Instrumented arthrodesis for non-traumatic craniocervical instability in very young children

M. B. Janjua, Steven W. Hwang, Amer F. Samdani, Joshua M. Pahys, Mhd-Ali - Baaj, Roger Härtl, Jeffrey P. Greenfield

Research output: Contribution to journalArticle

1 Citation (Scopus)

Abstract

Purpose: Occipitocervical instrumentation is infrequently required for stabilization of the axial and subaxial cervical spine in very young children. However, when it is necessary, unique surgical considerations arise in children when compared with similar procedures in adults. Methods: The authors reviewed literature describing fusion of the occipitocervical junction (OCJ) in toddlers and share their experience with eight cases of young children (age less than or equal to 4 years) receiving occiput to axial or subaxial spine instrumentation and fixation. Diagnoses and indications included severe or secondary Chiari malformation, skeletal dysplastic syndromes, Klippel-Feil syndrome, Pierre Robin syndrome, Gordon syndrome, hemivertebra and atlantal occipitalization, basilar impression, and iatrogenic causes. Results: All patients underwent occipital bone to cervical spine instrumentation and fixation at different levels. Constructs extended from the occiput to C2 and T1 utilizing various permutations of titanium rods, autologous rib autografts, Mersilene sutures, and combinations of autografts with bone matrix materials. All patients were placed in rigid cervical bracing or halo fixation postoperatively. No postoperative neurological deficits or intraoperative vascular injuries occurred. Conclusion: Instrumented arthrodesis can be a treatment option in very young children to address the non-traumatic craniocervical instability while reducing the need for prolonged external halo vest immobilization. Factors affecting fusion are addressed with respect to preoperative, intraoperative, and postoperative decision-making that may be unique to the toddler population.

Original languageEnglish (US)
Pages (from-to)1-10
Number of pages10
JournalChild's Nervous System
DOIs
StateAccepted/In press - Jun 29 2018
Externally publishedYes

Fingerprint

Arthrodesis
Spine
Autografts
Platybasia
Klippel-Feil Syndrome
Pierre Robin Syndrome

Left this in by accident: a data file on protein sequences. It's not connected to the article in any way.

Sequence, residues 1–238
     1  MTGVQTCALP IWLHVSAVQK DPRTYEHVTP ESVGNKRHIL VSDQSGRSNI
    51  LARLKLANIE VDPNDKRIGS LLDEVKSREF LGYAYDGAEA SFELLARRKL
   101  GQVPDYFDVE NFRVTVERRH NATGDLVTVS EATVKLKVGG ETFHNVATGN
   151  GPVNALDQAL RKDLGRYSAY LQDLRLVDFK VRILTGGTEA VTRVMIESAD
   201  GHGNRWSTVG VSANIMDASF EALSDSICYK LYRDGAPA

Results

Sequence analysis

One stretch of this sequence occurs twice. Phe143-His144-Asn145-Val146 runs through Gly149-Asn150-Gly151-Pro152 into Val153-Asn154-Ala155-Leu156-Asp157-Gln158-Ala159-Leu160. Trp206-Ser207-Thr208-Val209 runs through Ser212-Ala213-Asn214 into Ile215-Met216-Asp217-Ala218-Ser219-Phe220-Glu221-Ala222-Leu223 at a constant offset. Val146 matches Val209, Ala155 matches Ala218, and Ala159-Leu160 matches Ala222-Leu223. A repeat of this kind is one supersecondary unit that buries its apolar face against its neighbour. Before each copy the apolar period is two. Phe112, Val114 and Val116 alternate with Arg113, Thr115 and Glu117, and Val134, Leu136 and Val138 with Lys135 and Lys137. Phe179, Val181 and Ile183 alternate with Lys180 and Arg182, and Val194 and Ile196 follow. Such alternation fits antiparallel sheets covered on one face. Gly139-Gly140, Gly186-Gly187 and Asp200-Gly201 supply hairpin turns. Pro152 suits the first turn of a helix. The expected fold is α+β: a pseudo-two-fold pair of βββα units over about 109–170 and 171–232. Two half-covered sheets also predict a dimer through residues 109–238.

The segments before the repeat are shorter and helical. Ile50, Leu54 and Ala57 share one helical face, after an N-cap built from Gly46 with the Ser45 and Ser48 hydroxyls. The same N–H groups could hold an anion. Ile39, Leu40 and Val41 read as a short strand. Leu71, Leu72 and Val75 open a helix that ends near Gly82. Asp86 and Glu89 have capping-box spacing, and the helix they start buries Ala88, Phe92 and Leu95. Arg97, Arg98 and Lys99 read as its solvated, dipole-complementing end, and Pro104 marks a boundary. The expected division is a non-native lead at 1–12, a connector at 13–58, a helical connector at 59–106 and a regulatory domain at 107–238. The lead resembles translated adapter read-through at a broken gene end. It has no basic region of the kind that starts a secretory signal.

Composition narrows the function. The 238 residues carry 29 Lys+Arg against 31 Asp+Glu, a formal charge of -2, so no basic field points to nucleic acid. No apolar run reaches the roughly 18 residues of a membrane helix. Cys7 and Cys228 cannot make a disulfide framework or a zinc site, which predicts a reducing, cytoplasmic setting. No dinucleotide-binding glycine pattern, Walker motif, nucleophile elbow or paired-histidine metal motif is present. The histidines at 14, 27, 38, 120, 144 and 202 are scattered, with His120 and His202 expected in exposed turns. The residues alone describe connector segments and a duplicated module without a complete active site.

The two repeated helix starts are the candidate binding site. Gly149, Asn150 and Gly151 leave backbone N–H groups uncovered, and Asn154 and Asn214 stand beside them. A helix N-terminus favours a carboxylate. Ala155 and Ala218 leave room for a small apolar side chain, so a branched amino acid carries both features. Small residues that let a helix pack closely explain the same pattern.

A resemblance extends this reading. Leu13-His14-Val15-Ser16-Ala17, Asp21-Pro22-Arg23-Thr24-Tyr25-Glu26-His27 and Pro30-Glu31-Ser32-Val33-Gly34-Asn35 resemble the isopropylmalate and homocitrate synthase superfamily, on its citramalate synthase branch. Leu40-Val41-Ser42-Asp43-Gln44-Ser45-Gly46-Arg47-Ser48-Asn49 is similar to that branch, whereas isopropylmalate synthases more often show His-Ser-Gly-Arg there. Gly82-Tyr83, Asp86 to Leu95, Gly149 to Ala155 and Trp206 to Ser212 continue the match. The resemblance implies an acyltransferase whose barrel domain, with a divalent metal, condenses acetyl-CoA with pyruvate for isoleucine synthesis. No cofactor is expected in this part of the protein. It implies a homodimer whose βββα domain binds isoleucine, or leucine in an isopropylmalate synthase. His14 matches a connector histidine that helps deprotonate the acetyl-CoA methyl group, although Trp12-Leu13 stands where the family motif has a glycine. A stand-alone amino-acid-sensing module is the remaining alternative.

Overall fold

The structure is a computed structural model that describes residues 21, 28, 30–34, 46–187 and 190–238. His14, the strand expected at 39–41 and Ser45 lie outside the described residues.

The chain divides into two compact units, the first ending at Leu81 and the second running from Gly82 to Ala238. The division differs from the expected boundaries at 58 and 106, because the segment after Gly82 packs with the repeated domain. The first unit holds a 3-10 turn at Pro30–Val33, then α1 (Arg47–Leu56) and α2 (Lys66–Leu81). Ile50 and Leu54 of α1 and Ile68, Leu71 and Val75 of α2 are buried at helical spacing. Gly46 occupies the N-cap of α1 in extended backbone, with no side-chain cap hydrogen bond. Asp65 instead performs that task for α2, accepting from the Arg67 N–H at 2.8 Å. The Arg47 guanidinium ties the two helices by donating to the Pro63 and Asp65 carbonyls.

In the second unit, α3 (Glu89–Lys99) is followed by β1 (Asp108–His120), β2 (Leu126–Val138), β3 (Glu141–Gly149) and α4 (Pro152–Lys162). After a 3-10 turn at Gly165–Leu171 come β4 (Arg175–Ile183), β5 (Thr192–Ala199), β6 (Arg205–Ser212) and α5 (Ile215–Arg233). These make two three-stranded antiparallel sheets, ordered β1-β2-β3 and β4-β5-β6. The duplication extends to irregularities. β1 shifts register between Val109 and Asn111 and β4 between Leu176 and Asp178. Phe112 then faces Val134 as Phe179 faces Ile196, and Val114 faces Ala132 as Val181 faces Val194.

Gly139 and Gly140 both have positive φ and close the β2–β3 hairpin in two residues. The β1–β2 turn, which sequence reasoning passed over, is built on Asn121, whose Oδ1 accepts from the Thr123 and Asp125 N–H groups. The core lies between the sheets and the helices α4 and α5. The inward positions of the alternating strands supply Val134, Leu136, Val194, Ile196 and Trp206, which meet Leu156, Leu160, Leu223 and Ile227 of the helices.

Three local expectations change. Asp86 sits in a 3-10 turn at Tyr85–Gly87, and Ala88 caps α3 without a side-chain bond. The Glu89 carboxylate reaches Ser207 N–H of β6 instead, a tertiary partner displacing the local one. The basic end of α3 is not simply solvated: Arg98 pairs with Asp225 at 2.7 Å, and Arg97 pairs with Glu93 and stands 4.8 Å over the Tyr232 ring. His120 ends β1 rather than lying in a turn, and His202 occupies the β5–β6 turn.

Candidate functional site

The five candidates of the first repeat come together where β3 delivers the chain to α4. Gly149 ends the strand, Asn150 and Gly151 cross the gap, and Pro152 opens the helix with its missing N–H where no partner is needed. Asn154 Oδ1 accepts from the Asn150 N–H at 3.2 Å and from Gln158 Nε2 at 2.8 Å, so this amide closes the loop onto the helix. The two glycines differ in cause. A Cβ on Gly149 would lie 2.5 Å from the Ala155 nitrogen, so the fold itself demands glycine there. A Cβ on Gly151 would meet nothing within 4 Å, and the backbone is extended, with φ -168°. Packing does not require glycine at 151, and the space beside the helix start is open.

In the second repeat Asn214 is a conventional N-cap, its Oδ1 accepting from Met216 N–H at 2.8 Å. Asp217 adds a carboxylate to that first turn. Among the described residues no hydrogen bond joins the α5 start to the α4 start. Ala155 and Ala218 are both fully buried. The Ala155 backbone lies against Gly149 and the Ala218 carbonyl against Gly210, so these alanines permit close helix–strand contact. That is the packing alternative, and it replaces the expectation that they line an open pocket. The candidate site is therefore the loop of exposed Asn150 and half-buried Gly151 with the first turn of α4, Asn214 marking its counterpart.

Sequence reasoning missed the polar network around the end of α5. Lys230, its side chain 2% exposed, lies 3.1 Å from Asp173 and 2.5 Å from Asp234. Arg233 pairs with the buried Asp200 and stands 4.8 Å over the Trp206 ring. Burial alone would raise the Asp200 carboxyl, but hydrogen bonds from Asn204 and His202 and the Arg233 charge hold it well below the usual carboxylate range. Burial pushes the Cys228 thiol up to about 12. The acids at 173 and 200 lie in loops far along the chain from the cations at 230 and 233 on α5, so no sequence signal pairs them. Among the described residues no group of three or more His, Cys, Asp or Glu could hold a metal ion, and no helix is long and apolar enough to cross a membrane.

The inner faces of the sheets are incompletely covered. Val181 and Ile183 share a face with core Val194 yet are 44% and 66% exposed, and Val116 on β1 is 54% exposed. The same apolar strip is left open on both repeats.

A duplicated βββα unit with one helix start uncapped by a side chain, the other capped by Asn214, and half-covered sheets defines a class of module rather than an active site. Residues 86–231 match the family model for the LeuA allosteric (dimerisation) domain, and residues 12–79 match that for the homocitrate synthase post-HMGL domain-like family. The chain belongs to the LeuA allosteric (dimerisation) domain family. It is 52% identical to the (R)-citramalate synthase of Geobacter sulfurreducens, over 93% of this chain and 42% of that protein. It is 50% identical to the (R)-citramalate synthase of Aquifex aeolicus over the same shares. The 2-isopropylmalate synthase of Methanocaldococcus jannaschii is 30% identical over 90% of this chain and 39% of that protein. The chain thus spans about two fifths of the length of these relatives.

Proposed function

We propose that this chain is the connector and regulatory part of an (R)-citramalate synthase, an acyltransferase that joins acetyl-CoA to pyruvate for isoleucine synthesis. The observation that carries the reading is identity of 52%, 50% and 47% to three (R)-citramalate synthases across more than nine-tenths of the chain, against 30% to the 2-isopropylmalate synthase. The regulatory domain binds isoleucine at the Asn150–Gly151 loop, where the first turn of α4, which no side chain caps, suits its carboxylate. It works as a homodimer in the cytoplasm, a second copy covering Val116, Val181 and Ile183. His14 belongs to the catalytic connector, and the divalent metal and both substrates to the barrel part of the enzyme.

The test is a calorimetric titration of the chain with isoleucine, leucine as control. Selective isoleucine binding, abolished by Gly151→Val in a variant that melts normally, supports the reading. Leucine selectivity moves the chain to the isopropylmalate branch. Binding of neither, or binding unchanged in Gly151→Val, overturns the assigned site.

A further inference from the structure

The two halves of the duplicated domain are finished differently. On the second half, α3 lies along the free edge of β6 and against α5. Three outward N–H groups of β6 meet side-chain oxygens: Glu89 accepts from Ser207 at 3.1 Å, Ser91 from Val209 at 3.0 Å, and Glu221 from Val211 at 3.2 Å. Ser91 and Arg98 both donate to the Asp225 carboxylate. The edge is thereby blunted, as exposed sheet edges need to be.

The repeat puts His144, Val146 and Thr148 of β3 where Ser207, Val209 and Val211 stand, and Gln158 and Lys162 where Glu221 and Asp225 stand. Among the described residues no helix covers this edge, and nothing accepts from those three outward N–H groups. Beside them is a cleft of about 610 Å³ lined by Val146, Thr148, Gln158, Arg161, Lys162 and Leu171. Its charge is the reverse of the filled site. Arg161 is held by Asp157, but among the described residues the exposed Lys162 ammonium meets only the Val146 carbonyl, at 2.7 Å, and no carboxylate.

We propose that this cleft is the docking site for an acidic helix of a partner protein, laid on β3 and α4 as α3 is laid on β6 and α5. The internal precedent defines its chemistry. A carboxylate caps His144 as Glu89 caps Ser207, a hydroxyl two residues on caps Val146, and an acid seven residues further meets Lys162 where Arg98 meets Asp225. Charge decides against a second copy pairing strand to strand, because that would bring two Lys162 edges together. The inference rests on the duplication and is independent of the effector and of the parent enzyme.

Occipital Bone
Bone Matrix
Vascular System Injuries
Ribs
Titanium
Immobilization
Sutures
Decision Making
Population
Therapeutics

Keywords

  • Cervical spine
  • Instrumentation
  • Occipital bone
  • Occipitocervical fusion
  • Occipitocervical instability

ASJC Scopus subject areas

  • Pediatrics, Perinatology, and Child Health
  • Clinical Neurology

Cite this

Janjua, M. B., Hwang, S. W., Samdani, A. F., Pahys, J. M., Baaj, M-A. ., Härtl, R., & Greenfield, J. P. (Accepted/In press). Instrumented arthrodesis for non-traumatic craniocervical instability in very young children. Child's Nervous System, 1-10. https://doi.org/10.1007/s00381-018-3876-9

Instrumented arthrodesis for non-traumatic craniocervical instability in very young children. / Janjua, M. B.; Hwang, Steven W.; Samdani, Amer F.; Pahys, Joshua M.; Baaj, Mhd-Ali -; Härtl, Roger; Greenfield, Jeffrey P.

In: Child's Nervous System, 29.06.2018, p. 1-10.

Research output: Contribution to journalArticle

Janjua, M. B. ; Hwang, Steven W. ; Samdani, Amer F. ; Pahys, Joshua M. ; Baaj, Mhd-Ali - ; Härtl, Roger ; Greenfield, Jeffrey P. / Instrumented arthrodesis for non-traumatic craniocervical instability in very young children. In: Child's Nervous System. 2018 ; pp. 1-10.
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AB - Purpose: Occipitocervical instrumentation is infrequently required for stabilization of the axial and subaxial cervical spine in very young children. However, when it is necessary, unique surgical considerations arise in children when compared with similar procedures in adults. Methods: The authors reviewed literature describing fusion of the occipitocervical junction (OCJ) in toddlers and share their experience with eight cases of young children (age less than or equal to 4 years) receiving occiput to axial or subaxial spine instrumentation and fixation. Diagnoses and indications included severe or secondary Chiari malformation, skeletal dysplastic syndromes, Klippel-Feil syndrome, Pierre Robin syndrome, Gordon syndrome, hemivertebra and atlantal occipitalization, basilar impression, and iatrogenic causes. Results: All patients underwent occipital bone to cervical spine instrumentation and fixation at different levels. Constructs extended from the occiput to C2 and T1 utilizing various permutations of titanium rods, autologous rib autografts, Mersilene sutures, and combinations of autografts with bone matrix materials. All patients were placed in rigid cervical bracing or halo fixation postoperatively. No postoperative neurological deficits or intraoperative vascular injuries occurred. Conclusion: Instrumented arthrodesis can be a treatment option in very young children to address the non-traumatic craniocervical instability while reducing the need for prolonged external halo vest immobilization. Factors affecting fusion are addressed with respect to preoperative, intraoperative, and postoperative decision-making that may be unique to the toddler population.

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